UK mortgage lending fell by 13% in January compared with December to the lowest level for a year at £9.2bn, lenders say.
This was still 5% higher than the same month a year earlier, the Council of Mortgage Lenders (CML) said.
The mortgage market was likely to "remain constrained" in the coming months, the group said.
This reflected the "sluggish" state of the UK economy as a whole, as well as a lack of demand, it added.
All the recently published data have shown a lack of any impetus of growth in the mortgage and housing markets, according to CML economist Peter Charles.
He said that the year-on-year rise in mortgage lending in January was distorted by the low levels a year ago - owing to the hangover from the end of the stamp duty holiday.
He offered little cheer for first-time buyers, saying that lenders were still being pushed towards less risky customers owing to lending restrictions. This made things difficult for those unable to offer a large deposit.
"There is little likelihood of any significant improvement in the mortgage market through the course of this year," he said.
"In consequence, it is difficult to see much improvement in opportunities for first-time buyers."
Earlier in the week, the CML released figures showing that many first-time buyers must save the equivalent of more than a year's salary to be able to afford a deposit for a home.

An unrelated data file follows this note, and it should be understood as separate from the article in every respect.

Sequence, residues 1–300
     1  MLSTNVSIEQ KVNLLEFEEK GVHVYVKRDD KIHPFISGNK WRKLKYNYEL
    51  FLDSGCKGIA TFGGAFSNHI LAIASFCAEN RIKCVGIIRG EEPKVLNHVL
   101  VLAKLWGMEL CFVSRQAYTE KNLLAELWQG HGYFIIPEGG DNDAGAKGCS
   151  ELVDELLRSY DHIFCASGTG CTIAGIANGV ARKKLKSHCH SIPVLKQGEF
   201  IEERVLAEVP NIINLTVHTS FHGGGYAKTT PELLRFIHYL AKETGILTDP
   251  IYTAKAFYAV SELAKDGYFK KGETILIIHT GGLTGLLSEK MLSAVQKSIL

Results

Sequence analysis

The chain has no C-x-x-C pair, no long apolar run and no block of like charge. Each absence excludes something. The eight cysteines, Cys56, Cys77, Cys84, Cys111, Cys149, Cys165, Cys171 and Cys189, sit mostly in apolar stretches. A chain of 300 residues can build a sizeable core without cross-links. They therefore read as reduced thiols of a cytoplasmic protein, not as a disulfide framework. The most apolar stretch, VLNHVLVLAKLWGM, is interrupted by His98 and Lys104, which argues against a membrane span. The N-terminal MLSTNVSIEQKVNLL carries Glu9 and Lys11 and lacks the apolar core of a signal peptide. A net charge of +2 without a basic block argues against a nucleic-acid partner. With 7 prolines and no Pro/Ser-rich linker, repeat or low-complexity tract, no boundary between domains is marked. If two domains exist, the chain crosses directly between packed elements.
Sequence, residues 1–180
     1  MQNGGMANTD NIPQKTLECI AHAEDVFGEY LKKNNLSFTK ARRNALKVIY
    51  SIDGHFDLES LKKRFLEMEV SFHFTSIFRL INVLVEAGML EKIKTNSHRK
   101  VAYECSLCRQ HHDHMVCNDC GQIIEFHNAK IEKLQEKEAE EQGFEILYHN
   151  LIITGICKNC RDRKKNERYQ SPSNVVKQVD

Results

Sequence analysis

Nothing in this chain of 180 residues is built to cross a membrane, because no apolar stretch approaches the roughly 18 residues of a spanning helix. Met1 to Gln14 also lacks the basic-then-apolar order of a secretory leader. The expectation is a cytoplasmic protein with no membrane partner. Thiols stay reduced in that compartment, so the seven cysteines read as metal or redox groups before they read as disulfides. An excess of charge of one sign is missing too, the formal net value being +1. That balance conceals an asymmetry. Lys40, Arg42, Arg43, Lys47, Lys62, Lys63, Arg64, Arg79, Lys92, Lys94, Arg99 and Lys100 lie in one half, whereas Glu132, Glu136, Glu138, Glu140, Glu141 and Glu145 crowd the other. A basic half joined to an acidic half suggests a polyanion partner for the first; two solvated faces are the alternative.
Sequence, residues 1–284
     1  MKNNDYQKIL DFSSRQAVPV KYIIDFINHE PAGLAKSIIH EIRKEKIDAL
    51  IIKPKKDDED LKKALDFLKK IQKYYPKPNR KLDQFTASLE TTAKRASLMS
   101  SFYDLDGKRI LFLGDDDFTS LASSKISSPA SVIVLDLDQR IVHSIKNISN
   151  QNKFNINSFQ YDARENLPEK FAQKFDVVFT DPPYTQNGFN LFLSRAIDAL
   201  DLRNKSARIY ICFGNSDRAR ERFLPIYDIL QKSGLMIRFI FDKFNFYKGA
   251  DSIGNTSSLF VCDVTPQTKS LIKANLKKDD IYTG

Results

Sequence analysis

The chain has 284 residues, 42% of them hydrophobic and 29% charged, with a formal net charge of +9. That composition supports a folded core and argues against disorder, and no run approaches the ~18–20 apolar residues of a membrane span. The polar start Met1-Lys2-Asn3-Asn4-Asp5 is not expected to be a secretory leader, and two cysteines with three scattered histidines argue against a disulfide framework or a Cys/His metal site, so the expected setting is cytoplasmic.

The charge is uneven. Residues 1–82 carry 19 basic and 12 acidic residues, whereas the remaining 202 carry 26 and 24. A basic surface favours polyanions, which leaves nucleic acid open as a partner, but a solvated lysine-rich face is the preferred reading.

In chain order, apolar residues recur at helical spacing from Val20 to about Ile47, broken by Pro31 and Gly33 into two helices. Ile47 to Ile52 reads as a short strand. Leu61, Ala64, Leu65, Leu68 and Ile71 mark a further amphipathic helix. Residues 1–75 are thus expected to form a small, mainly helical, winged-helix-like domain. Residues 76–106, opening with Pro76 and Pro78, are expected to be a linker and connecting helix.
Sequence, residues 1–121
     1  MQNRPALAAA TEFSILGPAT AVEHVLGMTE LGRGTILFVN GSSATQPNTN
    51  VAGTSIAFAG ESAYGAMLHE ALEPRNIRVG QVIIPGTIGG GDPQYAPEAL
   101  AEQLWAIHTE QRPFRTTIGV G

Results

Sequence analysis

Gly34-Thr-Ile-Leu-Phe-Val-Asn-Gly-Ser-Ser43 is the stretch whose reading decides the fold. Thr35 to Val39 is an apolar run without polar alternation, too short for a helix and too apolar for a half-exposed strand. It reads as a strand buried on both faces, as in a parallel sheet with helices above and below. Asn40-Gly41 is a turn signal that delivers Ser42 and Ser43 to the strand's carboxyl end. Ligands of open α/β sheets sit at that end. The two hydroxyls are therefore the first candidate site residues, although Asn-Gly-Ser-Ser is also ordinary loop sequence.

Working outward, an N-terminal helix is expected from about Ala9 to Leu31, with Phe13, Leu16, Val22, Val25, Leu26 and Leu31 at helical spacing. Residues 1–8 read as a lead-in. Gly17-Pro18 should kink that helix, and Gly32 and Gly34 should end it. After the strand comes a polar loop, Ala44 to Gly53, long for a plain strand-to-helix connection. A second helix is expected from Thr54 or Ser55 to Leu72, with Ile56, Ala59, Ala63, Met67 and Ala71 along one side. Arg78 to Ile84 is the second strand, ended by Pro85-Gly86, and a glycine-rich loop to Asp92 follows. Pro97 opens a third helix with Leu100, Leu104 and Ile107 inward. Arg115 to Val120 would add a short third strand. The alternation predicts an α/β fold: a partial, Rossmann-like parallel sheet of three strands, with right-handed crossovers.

The typical deposit stood at £12,700 at the start of 2007, but rose to £31,500 by the second half of 2010.
The data was released when housing minister Grant Shapps summoned various parties to "frank and open" discussions on difficulties facing first-time buyers.
During the last decade, there has often been a fall in mortgage lending in January compared with December.
Property transactions remain at low levels and house prices have drifted down in recent months, according to various surveys.
The Royal Institution of Chartered Surveyors (Rics) said that fewer homes were being brought onto the market in recent months.
"If this trend continues, house prices are likely to stabilise once again or may, indeed, drift modestly upwards," Mr Charles said.
Separate research found that the average rent charged to tenants in England and Wales dropped by 0.3% in January from the month before to £682 a month.
LSL Property Services concluded that although tenant arrears also declined, 11% of all UK rents remained in arrears in January.